"The Christian Paradox: How a faithful nation gets Jesus wrong"(Harper's, Aug. 2005) - Many of you won't need much convincing of Bill McKibben's basic premise– that American Christianity is probably on the whole more American than it is Christian– but McKibben offers some valuable statistics and analysis. When he observes that "America is the most professedly Christian of the developed nations and the least Christian in its behaviour," he holds a frightening mirror up to us that we ignore to our peril. I don't agree with all of his assumptions (namely that the issue of the death penalty is clearly prohibited in scripture), but that our culture is composed of a kind of uncritical pseudo-Christianity that has managed, in spite of its best intentions, to live out an increasingly ironic faith will surely drive us to examine this dangerous dualism in our midst. Reading this alongside Bonhoeffer's Cost of Discipleship has been scaring the (I hope) hell out of me.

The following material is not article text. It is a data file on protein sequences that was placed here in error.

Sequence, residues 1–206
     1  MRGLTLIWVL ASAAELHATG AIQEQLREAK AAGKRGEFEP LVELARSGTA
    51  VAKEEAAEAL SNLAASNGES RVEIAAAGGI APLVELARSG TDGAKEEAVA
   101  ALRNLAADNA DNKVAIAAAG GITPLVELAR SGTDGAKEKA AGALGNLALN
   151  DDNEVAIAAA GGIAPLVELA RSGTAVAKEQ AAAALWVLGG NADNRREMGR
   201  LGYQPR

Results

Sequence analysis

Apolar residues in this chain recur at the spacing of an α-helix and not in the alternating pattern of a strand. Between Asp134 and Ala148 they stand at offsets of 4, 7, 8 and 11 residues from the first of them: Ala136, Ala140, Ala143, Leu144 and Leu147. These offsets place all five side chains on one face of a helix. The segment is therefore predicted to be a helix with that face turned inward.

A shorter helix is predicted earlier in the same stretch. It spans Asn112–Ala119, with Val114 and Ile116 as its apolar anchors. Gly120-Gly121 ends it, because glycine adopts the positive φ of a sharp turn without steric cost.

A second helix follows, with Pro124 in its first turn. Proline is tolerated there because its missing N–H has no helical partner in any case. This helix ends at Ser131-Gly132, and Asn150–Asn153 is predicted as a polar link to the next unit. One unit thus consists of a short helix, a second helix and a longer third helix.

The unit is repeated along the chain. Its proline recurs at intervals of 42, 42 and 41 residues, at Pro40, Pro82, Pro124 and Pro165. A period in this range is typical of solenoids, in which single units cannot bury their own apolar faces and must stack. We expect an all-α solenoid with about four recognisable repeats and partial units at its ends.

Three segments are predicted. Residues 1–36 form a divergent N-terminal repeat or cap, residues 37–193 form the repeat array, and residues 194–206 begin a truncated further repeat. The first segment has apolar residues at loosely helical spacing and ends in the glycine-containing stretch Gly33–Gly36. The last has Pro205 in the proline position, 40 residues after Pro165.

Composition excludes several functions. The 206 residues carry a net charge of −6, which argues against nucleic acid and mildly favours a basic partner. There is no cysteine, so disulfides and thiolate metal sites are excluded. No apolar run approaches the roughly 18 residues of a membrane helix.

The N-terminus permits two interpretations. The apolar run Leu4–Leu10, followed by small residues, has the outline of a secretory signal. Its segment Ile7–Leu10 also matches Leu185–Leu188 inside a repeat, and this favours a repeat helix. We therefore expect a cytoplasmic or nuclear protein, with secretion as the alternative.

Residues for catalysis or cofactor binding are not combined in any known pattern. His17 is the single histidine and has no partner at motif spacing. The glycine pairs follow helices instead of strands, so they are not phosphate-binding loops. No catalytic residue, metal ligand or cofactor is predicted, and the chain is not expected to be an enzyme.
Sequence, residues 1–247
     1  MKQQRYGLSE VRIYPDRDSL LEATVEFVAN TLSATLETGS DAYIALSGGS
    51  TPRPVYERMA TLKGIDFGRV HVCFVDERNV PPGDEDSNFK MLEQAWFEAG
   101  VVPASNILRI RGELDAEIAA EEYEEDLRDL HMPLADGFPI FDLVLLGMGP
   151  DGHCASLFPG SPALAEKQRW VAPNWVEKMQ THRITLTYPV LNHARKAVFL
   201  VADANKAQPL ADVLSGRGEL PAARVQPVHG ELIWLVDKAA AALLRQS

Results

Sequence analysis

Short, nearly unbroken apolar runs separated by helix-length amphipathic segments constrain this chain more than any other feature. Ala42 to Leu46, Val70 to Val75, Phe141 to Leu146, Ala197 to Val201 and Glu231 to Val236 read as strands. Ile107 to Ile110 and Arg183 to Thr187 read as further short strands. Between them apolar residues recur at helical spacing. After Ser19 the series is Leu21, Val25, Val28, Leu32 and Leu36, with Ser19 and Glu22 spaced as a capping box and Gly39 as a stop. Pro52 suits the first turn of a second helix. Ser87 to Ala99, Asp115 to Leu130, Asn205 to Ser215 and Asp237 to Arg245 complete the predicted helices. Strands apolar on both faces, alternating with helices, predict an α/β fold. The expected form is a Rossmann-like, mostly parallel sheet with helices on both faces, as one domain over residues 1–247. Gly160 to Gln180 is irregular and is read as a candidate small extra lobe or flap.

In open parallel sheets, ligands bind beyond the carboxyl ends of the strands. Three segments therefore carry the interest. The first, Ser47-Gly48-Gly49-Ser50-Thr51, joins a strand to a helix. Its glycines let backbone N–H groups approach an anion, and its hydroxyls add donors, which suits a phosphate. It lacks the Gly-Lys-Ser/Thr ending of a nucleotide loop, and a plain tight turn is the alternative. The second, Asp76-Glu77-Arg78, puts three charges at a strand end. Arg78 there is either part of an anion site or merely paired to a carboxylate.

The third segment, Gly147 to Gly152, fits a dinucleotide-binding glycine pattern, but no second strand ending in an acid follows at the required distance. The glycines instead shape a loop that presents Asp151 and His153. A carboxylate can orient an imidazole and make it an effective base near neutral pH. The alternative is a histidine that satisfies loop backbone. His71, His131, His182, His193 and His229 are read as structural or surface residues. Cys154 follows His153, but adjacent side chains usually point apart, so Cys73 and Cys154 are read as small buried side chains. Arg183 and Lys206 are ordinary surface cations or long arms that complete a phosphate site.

Whither Wheaton? The evangelical flagship college charts a new course. (SoMa Review, January 13, 2010)-
Second up is an article well worth archiving. Andrew Chignell's account of the Wheaton presidential search is proof that Wheaton College is often a microcosm of young Evangelicalism. I personally have very little interest in the presidential search, but the issues surrounding it are in many ways bigger than that school. At more than one point I felt like his comparisons between the Wheaton of last decade and the Wheaton of today would have sufficed for my own experience at a small Bible college. Something is changing in Evangelicalism, and Chignell offers important insight as to what the nature of that change might be.